He is single-minded in his pursuit of the task his master has assigned him. He is in such a rush he seems to have arrived at the spot even without travelling. Rashi says he had kefitzat haderekh, “jumping of the road,” – his journey took less time than Waze predicted.

And all of this servant’s many speeches are all for one purpose – to achieve his mission of getting a proper wife for his master’s son. And so, again, to match his enthusiasm there is a quickening of time and in the middle of making a deal with God, there she appears, the right woman, the very first he sees.

When he gets to the house, he is offered food but no, Avraham’s servant must first perform his task. There is nothing else on his mind but to fulfill his master’s mission – get the girl home. Again, after they agree, there is the possibility of delay – the family suggests staying around for a year or so, as was traditional – but Eliezer insists and she agrees and off they go.

Zerizut, “alacrity,” and total focus on the mission at hand are the hallmarks of this servant and so should they be our hallmarks as servants of God. Our tasks may be less clearly defined, but if we keep in the forefront of our minds at all times that we are servants of God, put here to perform some helpful function, that our primary desire is simply to be of service, if we keep this in mind and do not stray, then we, too, will have kefitzat haderekh, “jumping of the road”, God’s aid in achieving our goals.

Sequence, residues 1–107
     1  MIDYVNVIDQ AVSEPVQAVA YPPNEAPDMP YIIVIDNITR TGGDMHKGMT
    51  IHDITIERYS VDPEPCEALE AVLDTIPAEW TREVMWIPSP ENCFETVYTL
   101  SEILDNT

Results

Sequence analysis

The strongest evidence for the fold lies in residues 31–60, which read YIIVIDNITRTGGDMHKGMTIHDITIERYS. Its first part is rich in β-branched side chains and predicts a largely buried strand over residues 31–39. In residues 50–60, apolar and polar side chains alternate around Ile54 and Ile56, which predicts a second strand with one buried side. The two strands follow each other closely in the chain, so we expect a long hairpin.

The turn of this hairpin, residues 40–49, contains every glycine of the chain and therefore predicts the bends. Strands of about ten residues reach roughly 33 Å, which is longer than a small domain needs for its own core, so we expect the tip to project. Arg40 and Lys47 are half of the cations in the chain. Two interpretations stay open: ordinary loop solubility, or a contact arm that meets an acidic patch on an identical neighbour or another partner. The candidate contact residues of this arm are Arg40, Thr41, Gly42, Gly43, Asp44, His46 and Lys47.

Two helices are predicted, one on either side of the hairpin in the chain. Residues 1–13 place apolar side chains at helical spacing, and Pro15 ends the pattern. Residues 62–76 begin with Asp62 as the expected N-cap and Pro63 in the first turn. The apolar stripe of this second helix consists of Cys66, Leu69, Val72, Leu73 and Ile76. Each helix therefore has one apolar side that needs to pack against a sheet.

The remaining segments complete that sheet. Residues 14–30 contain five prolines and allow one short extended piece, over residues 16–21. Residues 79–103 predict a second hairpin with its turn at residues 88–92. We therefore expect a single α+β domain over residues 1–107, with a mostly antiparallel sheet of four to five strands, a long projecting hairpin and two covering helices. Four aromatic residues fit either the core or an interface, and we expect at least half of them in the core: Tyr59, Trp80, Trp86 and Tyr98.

Thursday, November 17, 2016

Parashat Vayera: On Strangers and Angels

Sometimes the people we think of as strangers turn out to be angels in disguise. Avraham saw three people in the distance. He did not know they were angels; he thought they were just weary travelers in need of hospitality. They turned out to be angels sent by God to bless him and Sarah with a child.

Maybe strangers are sent to us as a test -- a test our openness and generosity and faith in the bounty of God’s gifts to us. If we treat them like Avraham treated them, with an open tent, a warm meal and a welcoming heart, then they become blessing angels, sent to bring us blessing and fruitfulness. But if, on the other hand, we treat them like the people of Sodom treated strangers – we take advantage of their vulnerability to harm them – then they become divine agents not of blessing, but of destruction.

I am reminded of all those childhood stories about the ugly hag who stops the child on his journey, asking for a little bread or some assistance. The old hag turns out to have magical abilities and she then curses or blesses the child depending on the child’s reaction.

Perhaps we too are tested in this way, and when we give to those who are strange and unknown to us then we discover that they are angels who carry blessings, and when we don’t, we find that they are criminals sent to hurt us.

Many are the strangers in our lives – those from other countries or cultures, those with different political views, even those closest to us have aspects of the stranger in them. If we can somehow keep our tent open and invite them in, we will turn those strangers into angels of divine blessing; they will teach us something we need to learn and we will grow and be fruitful.